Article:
This chapter begins with Melinda observing that she has made it through the first two weeks of school “without a nuclear meltdown.” She now sits at lunch with Heather from Ohio, who even calls Melinda for help with English homework. Every other person she has known for nine years still ignores her and she is often harassed in the halls.
Melinda’s mother is a working mom, so she tends to communicate with Melinda and her father with notes. Melinda says there’s not much to say. Her mother is the manager of Efferts, a clothing store in downtown Syracuse, and is under tremendous pressure to produce sales and keep staff. Melinda fixes her own dinner and eats on the white couch whose stains she hides by flipping the cushions. Then, when her father gets home, everything looks the way he wants to see it and she has vanished to her room.
She notes that her room belongs to an alien. She had decorated it in the fifth grade with roses and the color pink and now it looks demented. She also has a stuffed rabbit collection and a canopy bed, both of which she refuses to give up. She knows she has homework, but the bed calls to her. She insists that she doesn’t ever take a real nap, but only retreats to this halfway place, a rest stop on the road to sleep, where she can stay for hours. She doesn’t even have to close her eyes. She just stays safe under the covers and breathes. She hears her father turn on the TV and then, she sees herself in the mirror. She wonders if she could make a tree out of the shapes of her face and observes how scabby her lips are from biting them. It makes her get up and take down the mirror and put it in the closet.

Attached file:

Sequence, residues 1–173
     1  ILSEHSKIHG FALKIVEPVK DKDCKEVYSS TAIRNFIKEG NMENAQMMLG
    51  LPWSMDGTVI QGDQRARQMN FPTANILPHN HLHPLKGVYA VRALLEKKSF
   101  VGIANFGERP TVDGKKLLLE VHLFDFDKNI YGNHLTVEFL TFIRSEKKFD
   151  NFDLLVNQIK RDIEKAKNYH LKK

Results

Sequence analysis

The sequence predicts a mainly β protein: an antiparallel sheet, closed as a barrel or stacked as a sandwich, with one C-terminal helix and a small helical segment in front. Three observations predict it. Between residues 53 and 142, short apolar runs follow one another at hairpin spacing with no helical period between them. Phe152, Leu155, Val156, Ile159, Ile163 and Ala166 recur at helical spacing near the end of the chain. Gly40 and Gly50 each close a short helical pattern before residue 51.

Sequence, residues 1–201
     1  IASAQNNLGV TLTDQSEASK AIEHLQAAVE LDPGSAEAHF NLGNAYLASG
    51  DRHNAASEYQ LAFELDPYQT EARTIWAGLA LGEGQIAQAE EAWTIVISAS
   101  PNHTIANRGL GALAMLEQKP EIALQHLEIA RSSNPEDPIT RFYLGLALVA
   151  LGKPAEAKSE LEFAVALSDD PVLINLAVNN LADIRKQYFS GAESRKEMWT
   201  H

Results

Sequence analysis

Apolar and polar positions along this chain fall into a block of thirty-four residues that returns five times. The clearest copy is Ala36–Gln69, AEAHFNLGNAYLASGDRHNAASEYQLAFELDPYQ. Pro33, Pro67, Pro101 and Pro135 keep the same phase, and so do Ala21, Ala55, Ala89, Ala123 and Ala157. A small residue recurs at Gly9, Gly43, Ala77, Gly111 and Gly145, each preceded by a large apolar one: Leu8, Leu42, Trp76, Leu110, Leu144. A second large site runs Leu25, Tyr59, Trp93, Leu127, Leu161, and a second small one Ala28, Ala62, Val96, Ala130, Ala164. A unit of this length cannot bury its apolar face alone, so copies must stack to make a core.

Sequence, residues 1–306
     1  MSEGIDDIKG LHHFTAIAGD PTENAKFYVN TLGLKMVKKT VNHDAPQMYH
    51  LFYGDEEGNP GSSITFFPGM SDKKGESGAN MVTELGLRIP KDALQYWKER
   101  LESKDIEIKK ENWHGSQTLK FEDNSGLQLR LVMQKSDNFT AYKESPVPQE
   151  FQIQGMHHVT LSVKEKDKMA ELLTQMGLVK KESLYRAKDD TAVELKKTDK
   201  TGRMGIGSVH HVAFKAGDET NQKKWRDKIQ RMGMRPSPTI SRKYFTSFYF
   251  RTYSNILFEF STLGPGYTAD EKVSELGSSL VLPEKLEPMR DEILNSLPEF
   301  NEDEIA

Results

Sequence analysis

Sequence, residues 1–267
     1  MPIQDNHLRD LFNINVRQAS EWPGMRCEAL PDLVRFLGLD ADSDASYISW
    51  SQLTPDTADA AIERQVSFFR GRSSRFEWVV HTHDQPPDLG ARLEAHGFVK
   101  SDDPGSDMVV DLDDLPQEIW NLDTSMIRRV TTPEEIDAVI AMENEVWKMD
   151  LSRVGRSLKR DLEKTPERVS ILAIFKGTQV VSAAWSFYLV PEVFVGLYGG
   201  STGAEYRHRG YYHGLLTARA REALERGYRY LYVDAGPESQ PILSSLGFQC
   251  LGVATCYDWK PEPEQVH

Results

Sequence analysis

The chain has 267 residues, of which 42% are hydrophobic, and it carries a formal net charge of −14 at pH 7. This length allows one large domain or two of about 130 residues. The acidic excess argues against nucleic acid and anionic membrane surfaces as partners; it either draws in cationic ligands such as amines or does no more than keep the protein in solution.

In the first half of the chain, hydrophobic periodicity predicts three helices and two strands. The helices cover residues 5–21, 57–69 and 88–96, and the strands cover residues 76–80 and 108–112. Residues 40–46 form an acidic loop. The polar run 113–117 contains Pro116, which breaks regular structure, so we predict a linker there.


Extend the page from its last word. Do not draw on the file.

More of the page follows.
Melinda’s description of her mother and father indicates that they are not exactly quality time parents. She is an only child and makes us wonder if they ever really wanted her at all. Her mother communicates with her through notes, while her father doesn’t even call her name to see if she is home. This combined with whatever happened to her over the summer makes Melinda look for a place where she doesn’t even have to exist other than breathing. She can’t stand to face reality if she can avoid it, and the sight of her own face is unbearable. She probably bites her lips to keep herself from screaming in emotional pain.
In this next section, Melinda introduces us to Principal Principal who catches another student who is late to class. The kid totally confuses the poor man who demands his hall pass. The student says he is on his way to get one, but Principal Principal insists he can’t be there without a pass. The student responds: that’s why he’s in a hurry, because he needs to get a pass. The man says, “Well, hurry up then and get a pass.” Melinda notes that the Errant Student waves and smiles at Principal Principal and the man walks the other way trying to figure out what went wrong.
This scene is further proof that Melinda is quite bright. The irony is that this man is in charge and can’t figure out how a student pulled one over on him. Melinda finds it amusing. However, it’s an example of her world - a world where she doesn’t fit in, a world where morons like Principal Principal are accepted, while she is Outcast.